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Showing all 16 results
Bikepacking seat bags allow you to gain a huge amount of carrying capacity, without committing to installing a rear rack. They are an absolute must for any bikepacking set up and something we highly recommend you consider before taking off into the great unknown.
As a general rule, bikepacking seat bags are designed to carry as much as possible on your seat post. This means they come in very high volume sizes, commonly in the double digits. And all the way up to the largest, the 17L Expedition Saddle Pack from Apidura.
This is great for carrying bulky but lightweight loads such as your sleeping bag, your clothes or sleeping mat. While a large capacity underseat bag is a great way to optimise your set up, if you are riding a smaller size frame it can be tricky.
With limited clearance between the rear tyre and the underside of the saddle pack, the smaller capacity seat bags are your best bet. The 8L Terrapin System from Revelate or the Backloader in 6L from Topeak are good options.
If you are blessed with a large amount of seat post real estate, it can be a good idea to go for the biggest bag. The Apidura saddle bag is our most popular option for exactly this reason. It comes in a huge 17L capacity. Even if you are not going to use all this capacity, it can be handy to have on your bike just in case.
Bikepacking often involves throwing your gear into different spots on your bike over the course of your trip. One day you may need your jacket or you may be carrying food so have to juggle your gear around. It can be handy to have somewhere on your bike with extra capacity for these changes.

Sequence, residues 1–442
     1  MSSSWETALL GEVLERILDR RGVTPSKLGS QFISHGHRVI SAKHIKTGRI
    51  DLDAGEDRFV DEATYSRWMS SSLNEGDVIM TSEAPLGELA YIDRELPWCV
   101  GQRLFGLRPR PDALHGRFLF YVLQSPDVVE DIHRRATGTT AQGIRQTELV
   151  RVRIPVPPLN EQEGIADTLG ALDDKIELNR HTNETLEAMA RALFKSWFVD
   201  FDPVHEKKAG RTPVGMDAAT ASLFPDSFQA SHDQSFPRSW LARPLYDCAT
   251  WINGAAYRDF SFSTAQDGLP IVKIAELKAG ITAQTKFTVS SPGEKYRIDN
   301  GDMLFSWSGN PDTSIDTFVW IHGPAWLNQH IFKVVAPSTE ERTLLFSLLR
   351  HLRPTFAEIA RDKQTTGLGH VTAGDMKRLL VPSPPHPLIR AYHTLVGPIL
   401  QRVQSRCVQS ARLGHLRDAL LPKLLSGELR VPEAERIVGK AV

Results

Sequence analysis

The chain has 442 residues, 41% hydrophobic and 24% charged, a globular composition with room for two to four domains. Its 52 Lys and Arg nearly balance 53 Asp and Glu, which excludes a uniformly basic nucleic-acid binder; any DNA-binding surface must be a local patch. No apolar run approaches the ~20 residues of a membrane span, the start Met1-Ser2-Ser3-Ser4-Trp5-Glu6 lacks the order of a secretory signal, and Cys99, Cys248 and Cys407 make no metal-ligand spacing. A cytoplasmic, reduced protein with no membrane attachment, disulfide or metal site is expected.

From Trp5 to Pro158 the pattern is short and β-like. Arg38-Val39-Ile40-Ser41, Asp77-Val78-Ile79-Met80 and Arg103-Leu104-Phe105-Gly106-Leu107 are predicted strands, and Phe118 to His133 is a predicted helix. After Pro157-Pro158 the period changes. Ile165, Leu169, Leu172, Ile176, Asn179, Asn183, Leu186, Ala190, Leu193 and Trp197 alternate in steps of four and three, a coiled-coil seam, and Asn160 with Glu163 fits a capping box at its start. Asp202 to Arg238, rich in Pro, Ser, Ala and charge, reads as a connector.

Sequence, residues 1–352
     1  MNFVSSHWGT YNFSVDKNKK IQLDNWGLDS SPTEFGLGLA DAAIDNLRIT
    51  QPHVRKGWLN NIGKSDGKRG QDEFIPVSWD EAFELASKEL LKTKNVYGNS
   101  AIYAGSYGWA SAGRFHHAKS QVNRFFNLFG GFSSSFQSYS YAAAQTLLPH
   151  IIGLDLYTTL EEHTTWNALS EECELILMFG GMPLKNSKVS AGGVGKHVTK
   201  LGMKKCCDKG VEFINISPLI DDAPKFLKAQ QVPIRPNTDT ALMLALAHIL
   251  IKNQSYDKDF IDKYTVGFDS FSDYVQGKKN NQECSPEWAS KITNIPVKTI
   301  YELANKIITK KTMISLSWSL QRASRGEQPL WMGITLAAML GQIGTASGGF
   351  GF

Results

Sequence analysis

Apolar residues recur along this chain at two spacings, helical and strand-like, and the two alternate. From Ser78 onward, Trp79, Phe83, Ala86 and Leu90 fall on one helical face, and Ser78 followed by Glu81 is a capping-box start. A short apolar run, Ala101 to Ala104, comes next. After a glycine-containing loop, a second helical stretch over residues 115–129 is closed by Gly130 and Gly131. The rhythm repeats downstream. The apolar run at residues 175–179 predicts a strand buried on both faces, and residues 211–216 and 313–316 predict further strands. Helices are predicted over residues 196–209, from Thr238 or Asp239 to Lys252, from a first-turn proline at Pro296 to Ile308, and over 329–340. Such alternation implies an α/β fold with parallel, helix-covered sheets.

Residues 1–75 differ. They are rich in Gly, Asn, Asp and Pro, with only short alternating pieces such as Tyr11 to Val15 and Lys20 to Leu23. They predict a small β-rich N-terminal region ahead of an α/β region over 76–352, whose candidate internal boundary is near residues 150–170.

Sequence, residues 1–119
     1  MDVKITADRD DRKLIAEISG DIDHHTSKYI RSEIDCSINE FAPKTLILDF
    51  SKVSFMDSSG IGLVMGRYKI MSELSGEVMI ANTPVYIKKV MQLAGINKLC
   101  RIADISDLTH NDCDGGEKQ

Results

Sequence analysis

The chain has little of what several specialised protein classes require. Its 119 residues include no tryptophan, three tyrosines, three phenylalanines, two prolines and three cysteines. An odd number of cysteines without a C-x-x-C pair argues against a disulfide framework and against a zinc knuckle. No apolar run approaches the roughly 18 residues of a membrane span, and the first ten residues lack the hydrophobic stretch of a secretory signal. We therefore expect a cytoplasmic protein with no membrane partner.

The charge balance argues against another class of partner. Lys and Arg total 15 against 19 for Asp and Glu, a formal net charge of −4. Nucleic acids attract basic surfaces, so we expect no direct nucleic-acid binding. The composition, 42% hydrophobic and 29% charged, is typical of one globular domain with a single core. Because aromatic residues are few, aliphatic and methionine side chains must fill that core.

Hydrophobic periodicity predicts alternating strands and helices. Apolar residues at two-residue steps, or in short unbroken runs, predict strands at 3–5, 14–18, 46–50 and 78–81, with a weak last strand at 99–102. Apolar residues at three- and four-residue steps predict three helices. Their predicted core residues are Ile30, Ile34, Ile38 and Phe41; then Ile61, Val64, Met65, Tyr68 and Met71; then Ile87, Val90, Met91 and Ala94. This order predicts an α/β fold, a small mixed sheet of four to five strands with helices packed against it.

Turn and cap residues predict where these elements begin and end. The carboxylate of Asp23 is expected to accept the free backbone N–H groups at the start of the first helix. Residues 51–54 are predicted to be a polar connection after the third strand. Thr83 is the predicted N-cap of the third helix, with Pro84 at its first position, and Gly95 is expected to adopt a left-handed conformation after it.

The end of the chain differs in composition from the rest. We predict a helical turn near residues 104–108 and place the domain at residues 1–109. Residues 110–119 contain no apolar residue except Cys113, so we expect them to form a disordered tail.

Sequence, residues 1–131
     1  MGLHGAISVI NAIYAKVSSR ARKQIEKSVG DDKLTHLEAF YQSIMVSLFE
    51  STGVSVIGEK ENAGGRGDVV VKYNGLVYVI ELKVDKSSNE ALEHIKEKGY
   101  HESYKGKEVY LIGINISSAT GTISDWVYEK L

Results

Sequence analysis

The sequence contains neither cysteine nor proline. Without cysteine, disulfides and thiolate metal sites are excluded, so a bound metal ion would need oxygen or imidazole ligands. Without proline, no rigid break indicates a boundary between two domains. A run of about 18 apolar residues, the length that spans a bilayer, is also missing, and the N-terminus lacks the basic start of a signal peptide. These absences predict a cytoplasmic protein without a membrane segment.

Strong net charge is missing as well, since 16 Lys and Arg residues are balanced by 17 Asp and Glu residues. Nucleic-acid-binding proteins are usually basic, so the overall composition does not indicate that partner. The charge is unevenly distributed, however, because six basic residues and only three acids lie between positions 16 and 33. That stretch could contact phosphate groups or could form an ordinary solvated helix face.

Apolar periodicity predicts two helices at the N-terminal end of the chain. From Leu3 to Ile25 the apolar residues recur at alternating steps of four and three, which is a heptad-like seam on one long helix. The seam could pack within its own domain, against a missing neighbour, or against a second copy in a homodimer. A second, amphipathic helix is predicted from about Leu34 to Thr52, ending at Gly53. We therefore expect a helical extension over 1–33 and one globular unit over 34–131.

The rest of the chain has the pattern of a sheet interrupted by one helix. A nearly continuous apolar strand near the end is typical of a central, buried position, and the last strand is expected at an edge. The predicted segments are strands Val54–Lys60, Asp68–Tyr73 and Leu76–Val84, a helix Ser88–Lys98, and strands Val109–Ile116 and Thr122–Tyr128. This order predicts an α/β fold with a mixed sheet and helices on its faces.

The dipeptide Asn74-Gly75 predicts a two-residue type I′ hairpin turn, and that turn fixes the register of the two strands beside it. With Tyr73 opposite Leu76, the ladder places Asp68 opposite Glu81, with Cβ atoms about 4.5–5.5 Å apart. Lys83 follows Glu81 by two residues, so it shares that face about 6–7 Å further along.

The Apidura saddle bag can be rolled down & compressed when you aren’t using the space. The 17L especially can be as large as 52cms long, and as small as 35cms. Almost doubling the capacity without you having to change your set up too much!
We especially like using saddle packs are your dynamic carrying space on a bikepacking trip. Because its a good storage space. Adjusting to carrying a seat pack on your bike does take a little bit of time, but soon you are used to it. You may need to step out of your bike a bit more awkwardly, but that’s just part of the experience. As with all things, you will find the perfect set up for your ride along the way, and it will get easier.
Seat bags are the bikepackers best friend, even when you have a dropper post! While most seat bags use a non-abrasive Velcro strap to attach to your seat post, which is not damaging to your seat post, with dropper posts there are other considerations.
With dropper posts you need to protect the stanchion from damage. Keeping the stanchion clean of debris is important. As is keeping it smooth. This ensures proper performance of the dropper post when you need it. Luckily, Apidura understands that we want the best of both worlds. We want a saddle pack, and a dropper post! They have made an adapter for this purpose. It’s compatible with their Backcountry saddle packs – as these are for mountain bikes.
The adapter clips on to the seat post & you can then strap the saddle pack on top. This protects your dropper post stanchion from damage. And scratching! And means the dropper will still operate with the bag on.